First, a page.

To the uninitiated, poker may seem like a game where players hope to get good hands that they can use to beat their opponents. This couldn’t be further from the truth, and the fact that the same players end up at the final tables of the the most coveted poker tournaments in the world each year proves that. These paramount players draw upon a myriad of skills to overcome their opponents. For instance, William Kassouf is infamous for his speech-play, Gus Hansen is a legendary bluffer, and Doyle Brunson has exceptional quick-thinking and calculating prowess. Those who want to join these world-renowned players in professional tournaments must develop a multifaceted approach to their game. One way this can be achieved is through mastering other games, like blackjack. Blackjack is one of the oldest card games on the planet, with most historians agreeing that it probably began in French casinos around the year 1700. Texas Hold’em poker, on the other hand, is much younger, and major tournaments in which the style is played has only been going since 1970. There are a number of differences between the two hugely popular card games, but by mastering blackjack you could prepare yourself for a better chance of success at poker.
Knowledge and Mathematics
Both blackjack and poker require players to acquire a fair amount of existing knowledge of the game to be good at it. Just as a blackjack player must memorise or mathematically work out their odds, a poker player must do the same. In blackjack, this skill is more isolated, as players only have to play against the dealer. However, as we read more into what blackjack entails, blackjack players do have to take into account the possibility of splitting, doubling down, or surrendering in order to optimize their winning potential, but they don’t have to worry about different suits. In poker, the player must calculate and think about other factors at the same time, such as what the numerous other players are doing. So mastering the mathematical technique in blackjack first could be beneficial. Studying books like the Probability Guide to Gambling is a good place to start, but playing online regularly will also help with mastering quick mathematics. Getting your cards to add up to 21 is merely the basic objective. Working out quickly what your chances are of ending up as close to 21 as possible based on your hand and whether you should hit is key. For example, if you get dealt a hard eight you can always hit because it’s impossible to go bust with one extra card. Depending on how many decks are being played with the player must calculate the number of cards that can work in their favour. More detailed information on this can be found in an article on The Journal of Gambling Studies.
A good blackjack player will memorise charts that detail what should be done in any given situation. For example, if you were holding Ace Eight you would double if the dealer’s upcard was a six. If he was showing any other card you would be advised to stand. Or if you were holding a pair of twos, you would split them only if the dealer’s upcard was between three and seven. Similarly, poker players need to know their chances of winning based on the two cards they are dealt at the start of the round. The problem these players face is that the number of players at the table affects the odds. For example, if there are more than five opponents there are over 9 trillion possible hand combinations. The best possible starting hand is obviously pocket aces, but as soon as the flop comes out the odds change dramatically. Players only have a chance of receiving pocket aces around 0.45% of the time, or once in 221 hands, so they must know how to play them well. Most professionals will try to out-bet the majority of their opponents pre-flop and hope to get one caller to go heads up against.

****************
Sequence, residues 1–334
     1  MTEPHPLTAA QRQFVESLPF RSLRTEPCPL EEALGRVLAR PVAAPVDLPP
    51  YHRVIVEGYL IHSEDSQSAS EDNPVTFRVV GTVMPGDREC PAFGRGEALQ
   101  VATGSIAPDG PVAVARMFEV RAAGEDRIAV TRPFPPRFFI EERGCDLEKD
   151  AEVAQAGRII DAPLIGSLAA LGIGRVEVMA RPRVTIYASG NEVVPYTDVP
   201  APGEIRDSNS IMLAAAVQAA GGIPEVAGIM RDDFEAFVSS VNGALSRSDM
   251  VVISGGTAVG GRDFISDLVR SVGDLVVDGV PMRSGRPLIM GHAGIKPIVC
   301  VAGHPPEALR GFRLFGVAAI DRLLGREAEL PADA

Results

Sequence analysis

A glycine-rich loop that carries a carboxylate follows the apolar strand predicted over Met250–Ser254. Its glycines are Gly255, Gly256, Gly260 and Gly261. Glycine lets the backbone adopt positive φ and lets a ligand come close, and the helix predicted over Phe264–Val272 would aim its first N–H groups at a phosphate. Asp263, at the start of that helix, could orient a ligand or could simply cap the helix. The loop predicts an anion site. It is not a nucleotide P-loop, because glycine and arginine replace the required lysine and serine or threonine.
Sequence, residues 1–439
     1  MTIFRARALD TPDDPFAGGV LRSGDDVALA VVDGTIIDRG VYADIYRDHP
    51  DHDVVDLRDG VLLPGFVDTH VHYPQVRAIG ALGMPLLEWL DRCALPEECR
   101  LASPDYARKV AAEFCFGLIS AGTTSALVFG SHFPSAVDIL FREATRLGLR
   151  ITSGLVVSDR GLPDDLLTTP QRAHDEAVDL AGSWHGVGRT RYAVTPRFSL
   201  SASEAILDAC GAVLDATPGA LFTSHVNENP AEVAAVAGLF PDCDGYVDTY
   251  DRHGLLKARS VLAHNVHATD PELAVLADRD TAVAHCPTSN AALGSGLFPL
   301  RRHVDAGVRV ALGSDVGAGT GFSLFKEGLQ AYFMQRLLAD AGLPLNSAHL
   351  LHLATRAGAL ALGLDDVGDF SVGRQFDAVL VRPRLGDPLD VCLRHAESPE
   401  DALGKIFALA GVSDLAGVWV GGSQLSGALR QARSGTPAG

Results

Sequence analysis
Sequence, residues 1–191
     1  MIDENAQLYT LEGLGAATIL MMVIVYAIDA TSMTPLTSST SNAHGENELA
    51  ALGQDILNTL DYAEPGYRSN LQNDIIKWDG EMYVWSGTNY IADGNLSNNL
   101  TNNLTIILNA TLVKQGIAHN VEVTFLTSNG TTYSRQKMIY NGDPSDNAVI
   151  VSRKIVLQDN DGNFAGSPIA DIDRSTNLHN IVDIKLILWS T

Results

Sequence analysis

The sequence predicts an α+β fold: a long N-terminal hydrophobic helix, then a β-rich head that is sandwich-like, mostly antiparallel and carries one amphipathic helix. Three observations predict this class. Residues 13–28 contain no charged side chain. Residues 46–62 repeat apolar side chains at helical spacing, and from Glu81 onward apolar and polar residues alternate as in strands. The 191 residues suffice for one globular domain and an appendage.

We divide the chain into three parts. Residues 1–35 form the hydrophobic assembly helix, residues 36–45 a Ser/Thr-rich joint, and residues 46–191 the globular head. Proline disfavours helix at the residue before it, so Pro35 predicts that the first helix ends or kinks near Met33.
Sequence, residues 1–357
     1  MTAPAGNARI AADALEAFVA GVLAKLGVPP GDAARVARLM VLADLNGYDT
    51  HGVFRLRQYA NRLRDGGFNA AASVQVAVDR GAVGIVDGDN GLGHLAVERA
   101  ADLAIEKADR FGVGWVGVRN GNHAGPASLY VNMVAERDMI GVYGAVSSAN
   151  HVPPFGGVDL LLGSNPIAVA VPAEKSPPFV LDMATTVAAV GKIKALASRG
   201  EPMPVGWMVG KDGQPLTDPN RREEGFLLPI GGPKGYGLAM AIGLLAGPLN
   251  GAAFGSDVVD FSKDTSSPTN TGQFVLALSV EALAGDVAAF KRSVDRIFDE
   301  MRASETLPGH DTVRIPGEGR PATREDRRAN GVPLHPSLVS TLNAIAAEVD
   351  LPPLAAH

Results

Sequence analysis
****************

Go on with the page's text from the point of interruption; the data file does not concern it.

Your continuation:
Psychology and Confidence
Blackjack players must be well disciplined. A good player is one that knows when it’s time to stop when things aren’t going in their favour, and also one that knows to keep calm when on a winning streak. Russ Hamilton is a prime example of a blackjack player that has conquered these skills. He proved that the aptitudes are transferable to poker by interchanging between his two favoured card games. Hamilton was the 1994 World Series of Poker main event champion, and he also founded the Ultimate Blackjack Tour.
Psychology is drastically important in poker tournament settings, because players need to hold out while others around them are eliminated. There is a fine line between gambling and playing skillfully, and poker players need to make sure they don’t cross that line and get dumped from a tournament table early. Going all-in on a pocket pair could be considered gambling, but players will be aware of the pre-flop odds of each possible starting pair.
The psychological foundations built while playing blackjack will be stretched even further in the poker game. Not only do you have to control and master your own body language, facial expressions, and speech, you must also try to detect differences in your opponents. Confidence acquired from playing blackjack could be crucial in maintaining one’s poker face. There is certainly strong evidence to support the fact that blackjack and poker skills are interchangeable and playing both games could lead to massive improvements.